January 15, 2013
LAS VEGAS – High-tech redneck has rocketed into the stratosphere at the 35th annual SHOT Show. Not only can you now electronically track your dog, you can find out how many times he barked that particular day.
You can tour the "New Product Showcase" at this show without pen or paper in hand. With a mouse-size barcode scanner in your palm, just run it over an interesting item, then a digital press release and website link are emailed your way.
First of all, it should be noted that the term "redneck" is used here affectionately, since I am one. But even a Manhattan concrete jungle native would be impressed by the latest technology unveiled at the Sands Expo & Convention Center this week.
It's unimaginable where the technology will go next, but it's a hoot right now to participate in the latest and greatest.
How many times your dog barked today? Really? Yes, and it's very cool.
"I'm a traditional hunter," said Ted Gartner, who grew up in Nebraska. "I like being in the solitude of nature. But I'm also kind of a tech geek. This is a fun place to be."
For the past 10 years, Gartner has been in Olatha, Kan., working for Garmin, the GPS-oriented corporation that has spun off products for everyone on land, in the air and on the sea.
Dog training products are one of the latest Garmin specialties. The first dog shock collars got a bad name among many for their harshness. The new Garmin Delta Sport collar then came about, so gentle and intuitive that Gartner once put it on his 10-year-old son.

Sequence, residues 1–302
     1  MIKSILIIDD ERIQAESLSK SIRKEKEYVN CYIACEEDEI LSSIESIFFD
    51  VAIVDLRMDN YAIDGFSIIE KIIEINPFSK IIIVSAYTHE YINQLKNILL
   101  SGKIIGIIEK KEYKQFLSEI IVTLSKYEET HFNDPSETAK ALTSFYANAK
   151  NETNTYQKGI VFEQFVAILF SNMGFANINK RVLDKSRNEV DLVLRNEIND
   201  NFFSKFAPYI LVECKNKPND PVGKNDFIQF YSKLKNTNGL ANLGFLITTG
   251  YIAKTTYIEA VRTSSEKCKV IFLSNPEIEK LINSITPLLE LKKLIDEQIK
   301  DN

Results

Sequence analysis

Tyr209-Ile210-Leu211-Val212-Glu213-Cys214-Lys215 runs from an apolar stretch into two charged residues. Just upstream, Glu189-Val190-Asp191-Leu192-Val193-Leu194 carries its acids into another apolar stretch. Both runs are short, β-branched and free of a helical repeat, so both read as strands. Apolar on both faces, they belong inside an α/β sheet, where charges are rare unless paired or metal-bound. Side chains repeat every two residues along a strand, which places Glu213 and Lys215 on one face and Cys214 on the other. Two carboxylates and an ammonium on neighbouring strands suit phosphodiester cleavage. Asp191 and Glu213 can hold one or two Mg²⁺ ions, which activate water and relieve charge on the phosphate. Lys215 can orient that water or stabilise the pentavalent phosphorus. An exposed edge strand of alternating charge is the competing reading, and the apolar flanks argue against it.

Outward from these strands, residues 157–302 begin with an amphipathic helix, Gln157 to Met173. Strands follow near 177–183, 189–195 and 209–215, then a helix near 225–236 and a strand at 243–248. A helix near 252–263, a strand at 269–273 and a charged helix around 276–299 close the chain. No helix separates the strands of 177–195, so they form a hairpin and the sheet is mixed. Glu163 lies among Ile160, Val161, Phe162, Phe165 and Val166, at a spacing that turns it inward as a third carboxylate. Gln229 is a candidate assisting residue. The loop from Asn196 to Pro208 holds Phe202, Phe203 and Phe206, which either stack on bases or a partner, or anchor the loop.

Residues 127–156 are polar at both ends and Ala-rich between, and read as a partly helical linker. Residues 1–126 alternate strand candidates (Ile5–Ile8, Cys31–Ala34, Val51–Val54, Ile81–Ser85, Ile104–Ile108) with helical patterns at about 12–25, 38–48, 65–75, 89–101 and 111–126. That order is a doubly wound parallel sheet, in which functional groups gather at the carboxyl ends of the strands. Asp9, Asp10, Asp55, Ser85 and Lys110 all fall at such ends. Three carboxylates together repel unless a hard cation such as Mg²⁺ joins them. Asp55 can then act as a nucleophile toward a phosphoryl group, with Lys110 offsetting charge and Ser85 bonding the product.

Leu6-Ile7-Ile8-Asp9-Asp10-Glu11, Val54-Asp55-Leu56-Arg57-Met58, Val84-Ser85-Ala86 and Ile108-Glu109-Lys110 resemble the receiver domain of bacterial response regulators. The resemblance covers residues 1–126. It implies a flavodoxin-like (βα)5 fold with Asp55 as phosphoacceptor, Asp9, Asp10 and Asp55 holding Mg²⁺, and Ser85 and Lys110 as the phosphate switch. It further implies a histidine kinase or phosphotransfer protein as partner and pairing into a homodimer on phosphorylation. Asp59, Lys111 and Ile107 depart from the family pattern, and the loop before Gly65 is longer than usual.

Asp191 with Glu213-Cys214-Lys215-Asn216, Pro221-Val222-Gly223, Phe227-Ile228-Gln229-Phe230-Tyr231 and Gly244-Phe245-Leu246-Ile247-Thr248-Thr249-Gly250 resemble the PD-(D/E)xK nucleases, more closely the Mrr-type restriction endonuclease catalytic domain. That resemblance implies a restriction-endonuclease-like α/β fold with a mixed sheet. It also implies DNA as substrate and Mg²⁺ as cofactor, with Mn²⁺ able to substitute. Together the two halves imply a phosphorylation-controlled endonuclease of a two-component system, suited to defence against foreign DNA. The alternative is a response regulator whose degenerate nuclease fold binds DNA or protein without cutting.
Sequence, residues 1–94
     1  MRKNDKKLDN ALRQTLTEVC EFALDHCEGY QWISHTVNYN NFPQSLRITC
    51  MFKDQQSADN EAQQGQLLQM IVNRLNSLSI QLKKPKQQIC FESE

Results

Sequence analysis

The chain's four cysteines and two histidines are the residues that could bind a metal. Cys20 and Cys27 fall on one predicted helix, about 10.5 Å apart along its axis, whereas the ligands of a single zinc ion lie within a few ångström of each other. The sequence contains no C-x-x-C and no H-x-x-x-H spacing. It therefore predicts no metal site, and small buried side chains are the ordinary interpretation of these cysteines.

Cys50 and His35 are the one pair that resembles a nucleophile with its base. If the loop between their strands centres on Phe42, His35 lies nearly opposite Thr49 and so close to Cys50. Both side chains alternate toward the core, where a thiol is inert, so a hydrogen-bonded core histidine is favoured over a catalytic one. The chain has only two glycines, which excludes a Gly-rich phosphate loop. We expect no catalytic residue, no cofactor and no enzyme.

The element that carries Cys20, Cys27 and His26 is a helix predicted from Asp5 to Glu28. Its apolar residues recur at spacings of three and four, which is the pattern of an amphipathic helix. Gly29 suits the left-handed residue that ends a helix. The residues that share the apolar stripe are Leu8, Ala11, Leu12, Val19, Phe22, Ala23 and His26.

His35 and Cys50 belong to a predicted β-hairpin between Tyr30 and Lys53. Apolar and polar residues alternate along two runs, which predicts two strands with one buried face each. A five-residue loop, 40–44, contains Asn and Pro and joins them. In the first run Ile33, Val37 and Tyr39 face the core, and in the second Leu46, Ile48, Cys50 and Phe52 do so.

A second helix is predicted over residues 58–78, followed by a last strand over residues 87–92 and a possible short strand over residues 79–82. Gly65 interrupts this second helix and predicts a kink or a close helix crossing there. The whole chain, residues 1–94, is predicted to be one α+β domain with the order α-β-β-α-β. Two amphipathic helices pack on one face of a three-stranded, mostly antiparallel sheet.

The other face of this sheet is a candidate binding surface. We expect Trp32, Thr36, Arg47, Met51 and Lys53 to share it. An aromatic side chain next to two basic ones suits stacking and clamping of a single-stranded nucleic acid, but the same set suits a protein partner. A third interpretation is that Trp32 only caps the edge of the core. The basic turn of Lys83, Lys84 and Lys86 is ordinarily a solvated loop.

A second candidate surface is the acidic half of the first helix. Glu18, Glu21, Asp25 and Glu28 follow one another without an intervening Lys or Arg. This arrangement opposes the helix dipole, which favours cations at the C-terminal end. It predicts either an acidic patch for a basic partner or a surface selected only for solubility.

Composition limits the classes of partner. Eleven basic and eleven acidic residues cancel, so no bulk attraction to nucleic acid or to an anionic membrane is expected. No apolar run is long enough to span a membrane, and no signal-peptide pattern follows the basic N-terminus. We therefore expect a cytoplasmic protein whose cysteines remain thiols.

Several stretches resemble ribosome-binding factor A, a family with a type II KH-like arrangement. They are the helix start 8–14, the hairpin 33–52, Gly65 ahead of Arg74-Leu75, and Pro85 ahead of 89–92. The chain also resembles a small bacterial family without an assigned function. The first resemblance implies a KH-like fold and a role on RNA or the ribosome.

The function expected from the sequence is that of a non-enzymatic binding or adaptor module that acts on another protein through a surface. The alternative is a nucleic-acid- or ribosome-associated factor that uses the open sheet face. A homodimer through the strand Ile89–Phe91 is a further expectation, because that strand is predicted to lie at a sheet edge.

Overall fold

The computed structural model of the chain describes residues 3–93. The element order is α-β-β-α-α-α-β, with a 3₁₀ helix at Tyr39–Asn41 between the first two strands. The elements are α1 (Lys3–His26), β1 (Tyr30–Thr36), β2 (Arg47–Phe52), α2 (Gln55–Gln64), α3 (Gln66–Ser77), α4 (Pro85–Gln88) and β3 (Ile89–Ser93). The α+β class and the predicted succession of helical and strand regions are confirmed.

"My wife is going to love reading that," Gartner said.
Admittedly, that particular scenario is a bit of a stretch. But not much of one. Once, when assuring his son that the e-collar wasn't hurting their dog, Gartner let his son feel the "shock."
"He couldn't even feel it, when it was set on the lowest level," said Gartner, who, of course, left the lesson at that. But it illustrates the eye-popping technology now available can be something as simple as a dog collar.
"The basis of these e-collars is you only want to use enough (electricity) to get the job done," Gartner said. "You never want your dog to yelp. It's not meant to be a punishment. Dogs are easily distracted. This is a way to focus your dog's attention. Dog training still requires a lot of time.
"Twenty or 30 years ago, these collars were either on or off, and there were some volts flying through them."
Now, according to Gartner, the collar buzz goes up only when the dog's mind has wandered from the day's lesson. And you don't even have to be there to do some teaching.
"If you're away, and your dog is in the backyard and he likes to bark at squirrels, this will keep him from barking," Gartner said. "If your dog continues to bark, it will automatically rise to the level that suits him.
"At the end of the day, you can come home, take the collar off and it will tell you how many times your dog has barked that day."
Just the time you start feeling creepy about all the Big Brother possibilities of high technology, here comes the other side of that story.
As Gartner mentioned earlier, he can now enjoy the outdoors more than ever. When his hunting dogs are out of sight, he can relax by looking at the GPS tracking collar and discovering exactly where they're roaming.
"I don't holler at my dogs as much as I used to," Gartner said. "It's nice to have that sense of safety, if I need to know where they are. Otherwise I can set it down and enjoy things."
If my parents had owned one of these, they could have been able to keep me out of the local pool hall. But that aspect of future child-rearing is best left to another time and another place.